ACOSMIST (α, priv., and
κόσμος, world), one who theoretically denies the
existence of the universe as distinct from the Absolute Being. "Spinoza did not
deny the existence of God; he denied the existence of the world; he was
consequently an acosmist, and not an atheist" (Lewes, Biog. Hist, of Phil, p.
"It has of late been a favourite criticism of Spinoza, to say with Hegel, that
his system is not atheism but acosmism; and this is true in a speculative
point of view. But if I allow of no God distinct from the
aggregate of the universe, myself included, what object have I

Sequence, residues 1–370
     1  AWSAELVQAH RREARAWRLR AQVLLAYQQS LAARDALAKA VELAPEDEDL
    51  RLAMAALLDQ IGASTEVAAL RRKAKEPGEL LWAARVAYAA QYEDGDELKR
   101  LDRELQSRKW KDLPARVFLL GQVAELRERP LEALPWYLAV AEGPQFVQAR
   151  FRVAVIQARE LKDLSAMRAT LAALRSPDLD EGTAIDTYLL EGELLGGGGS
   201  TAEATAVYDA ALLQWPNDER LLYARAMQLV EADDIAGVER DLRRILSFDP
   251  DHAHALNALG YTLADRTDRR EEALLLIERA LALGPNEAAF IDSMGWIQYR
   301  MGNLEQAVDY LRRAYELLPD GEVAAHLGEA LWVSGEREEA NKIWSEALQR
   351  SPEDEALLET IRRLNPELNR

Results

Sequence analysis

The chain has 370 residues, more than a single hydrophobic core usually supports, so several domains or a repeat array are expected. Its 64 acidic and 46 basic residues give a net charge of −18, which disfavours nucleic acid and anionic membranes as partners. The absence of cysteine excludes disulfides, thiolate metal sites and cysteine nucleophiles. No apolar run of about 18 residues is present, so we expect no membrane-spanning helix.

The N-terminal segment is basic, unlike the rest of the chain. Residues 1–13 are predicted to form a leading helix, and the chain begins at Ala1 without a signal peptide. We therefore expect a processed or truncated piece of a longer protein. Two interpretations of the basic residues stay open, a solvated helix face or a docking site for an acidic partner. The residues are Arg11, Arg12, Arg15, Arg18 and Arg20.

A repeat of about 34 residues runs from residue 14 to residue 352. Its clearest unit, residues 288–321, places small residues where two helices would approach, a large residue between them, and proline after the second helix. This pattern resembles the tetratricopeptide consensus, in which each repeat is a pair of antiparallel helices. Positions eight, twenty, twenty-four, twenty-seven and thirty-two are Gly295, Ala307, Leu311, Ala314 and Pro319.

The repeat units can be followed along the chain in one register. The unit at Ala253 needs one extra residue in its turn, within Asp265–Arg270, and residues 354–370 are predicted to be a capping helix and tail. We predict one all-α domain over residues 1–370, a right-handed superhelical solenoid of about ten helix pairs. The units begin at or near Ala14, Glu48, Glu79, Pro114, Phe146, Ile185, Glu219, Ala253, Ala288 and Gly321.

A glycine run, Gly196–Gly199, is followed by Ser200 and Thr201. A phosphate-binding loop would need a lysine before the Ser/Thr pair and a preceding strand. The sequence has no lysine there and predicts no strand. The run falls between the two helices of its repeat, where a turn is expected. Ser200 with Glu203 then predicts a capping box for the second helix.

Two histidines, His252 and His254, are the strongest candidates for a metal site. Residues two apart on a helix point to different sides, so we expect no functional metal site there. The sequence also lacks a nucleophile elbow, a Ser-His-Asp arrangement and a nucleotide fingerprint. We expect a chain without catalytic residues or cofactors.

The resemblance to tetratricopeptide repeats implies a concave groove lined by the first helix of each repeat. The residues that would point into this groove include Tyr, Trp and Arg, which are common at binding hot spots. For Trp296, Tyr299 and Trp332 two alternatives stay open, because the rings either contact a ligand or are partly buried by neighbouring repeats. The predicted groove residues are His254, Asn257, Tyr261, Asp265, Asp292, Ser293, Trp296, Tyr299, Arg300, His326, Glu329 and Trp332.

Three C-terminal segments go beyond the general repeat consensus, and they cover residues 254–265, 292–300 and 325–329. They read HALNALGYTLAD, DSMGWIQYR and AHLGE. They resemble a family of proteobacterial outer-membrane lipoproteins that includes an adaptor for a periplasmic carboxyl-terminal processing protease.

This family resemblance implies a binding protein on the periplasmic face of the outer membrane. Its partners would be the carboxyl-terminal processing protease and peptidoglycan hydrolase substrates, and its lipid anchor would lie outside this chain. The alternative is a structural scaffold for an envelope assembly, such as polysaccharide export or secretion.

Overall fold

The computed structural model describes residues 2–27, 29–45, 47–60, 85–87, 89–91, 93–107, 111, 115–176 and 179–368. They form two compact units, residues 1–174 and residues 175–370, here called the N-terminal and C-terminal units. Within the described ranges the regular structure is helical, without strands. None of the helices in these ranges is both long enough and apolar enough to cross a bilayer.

of worship? Or if, according to the latter manifestations of
pantheism, the Divine Mind is but the sum total of every finite
consciousness, my own included, what religious relation between
God and man is compatible with the theory?
And, accordingly, the pantheism of Hegel has found
its natural development in the atheism of Feuerbach" (Mansel, Prol. Log.,
p. 279, note, 2nd ed., p. 298).
The philosophy of Berkeley has been erroneously described as acosmism.